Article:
July 9, 2014

Rikers Island Investigation Heats Up

New York City's Department of Investigation today arrested a corrections captain and two guards for assaulting an inmate at Rikers Island, beating him unconscious with a baton, and then falsifying records to cover up their misconduct. This was apparently not an isolated incident and more arrests are expected. It took well over 20 months for the arrests to occur, but better late than never.

According to the New York Times, the DOI Commissioner, Mark Peters, stated that the arrests followed a long-running investigation into “a pattern of lawless conduct at Rikers that must be brought under control,” and that “the victims here were not simply the injured inmate but the justice system itself, which cannot properly function when sworn law enforcement officers falsify documents to cover up crimes.” Tough talk. Let's hope there's something to it.

The three guards arrested were captain, Moises Simancas, and two guards, April Jackson and Tyrone Wint. Simancas had 16 years experience, while Jackson and Wint had been on the job for at least seven years each. Both are being prosecuted in Bronx Supreme Court on felony charges and are currently suspended.

The assault happened after Hurricane Sandy hit New York in late October 2012. Inmate Gabino Genao got mouthy with one of the guards. The guards decided a beat down was in order, so they went into Genao's cell, cuffed him, took him to another room, knocked him down, and beat the crap him out of him. During the rampage, one of the guards grabbed a baton and struck Genao repeatedly. The inmate, who was knocked out, suffered bruises that the Times says "were consistent with the imprint of a standard-issue baton used by the Correction Department."

The captain and the guards wrote up reports that failed to mention the baton and which the DOI says were “inconsistent with both the assault of the inmate and the injuries he sustained.” There's no great mystery here; the guards overreacted, realized they messed up, and then lied and tried to cover it up. It's the kind of thing that happens all the time, and usually the higher ups look away.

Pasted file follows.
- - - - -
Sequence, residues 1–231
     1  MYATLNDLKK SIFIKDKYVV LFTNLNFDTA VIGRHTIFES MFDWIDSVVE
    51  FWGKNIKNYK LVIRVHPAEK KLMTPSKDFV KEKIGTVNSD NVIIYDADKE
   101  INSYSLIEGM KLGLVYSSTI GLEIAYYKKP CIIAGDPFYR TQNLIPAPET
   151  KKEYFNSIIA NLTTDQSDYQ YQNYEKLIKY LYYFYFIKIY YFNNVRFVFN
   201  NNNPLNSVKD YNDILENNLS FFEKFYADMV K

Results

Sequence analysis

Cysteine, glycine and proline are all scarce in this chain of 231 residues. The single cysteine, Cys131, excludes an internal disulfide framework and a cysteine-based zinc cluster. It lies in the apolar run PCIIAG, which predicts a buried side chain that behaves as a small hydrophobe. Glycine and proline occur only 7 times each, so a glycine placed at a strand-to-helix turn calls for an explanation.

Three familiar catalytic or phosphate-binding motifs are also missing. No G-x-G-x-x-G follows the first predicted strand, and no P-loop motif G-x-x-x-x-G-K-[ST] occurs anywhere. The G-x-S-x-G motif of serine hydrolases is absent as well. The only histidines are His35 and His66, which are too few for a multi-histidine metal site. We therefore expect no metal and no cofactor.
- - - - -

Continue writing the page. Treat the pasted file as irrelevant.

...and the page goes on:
For instance, I once represented a juvenile inmate in custody for a very minor issue. Guards thought he was making too much noise in his cell, so three guys went in. He was pinned face down on his bed and his arm was pulled straight up behind him. One of the guards punched his upper arm just below the shoulder repeatedly until his humerus finally gave way, cracking loudly. It was a brutal assault by three grown men on a non-violent modestly sized 16 year-old boy. Investigators found my client was the victim of child abuse and that the officers' versions of events were fundamentally impossible. Two of the officers eventually resigned, one fought internal misconduct charges for a while and then resolved them with a deal that let him keep his job. No criminal charges were ever brought, or even contemplated, as far as I know.

This story is but one I could tell about guards who casually brutalize inmates, encourage other inmates to do so, are complicit in the sale of drugs in the jail, and who have no compunction about filing false reports and coercing colleagues to remain silent.

Unfortunately for these defendants, Mayor de Blasio has promised to reform jail oversight and the DOI is looking into what the Times say officials say is "a pattern of brutality, neglect and corruption among correction officers and supervisors that officials say is rampant at Rikers Island." This seems to be at least a semi-serious attempt at cleaning up at least some misconduct. Apparently the DOI referred at least 9 other corrections employees for prosecution based on an Investigation into contraband smuggling, brutality and corruption at Rikers Island, and the DOI expects more arrests.

Yes, jail is a rough place. It is filled with many violent and dangerous people, and bad things happen there. Being a C.O. is a tough job, no doubt. But that doesn't justify the criminality engaged in by some guards and supervisors, and the seeming acceptance of this misconduct by others. The line between jailors and the jailed can get blurry from time to time. Sometimes it's necessary to have a little clarity.

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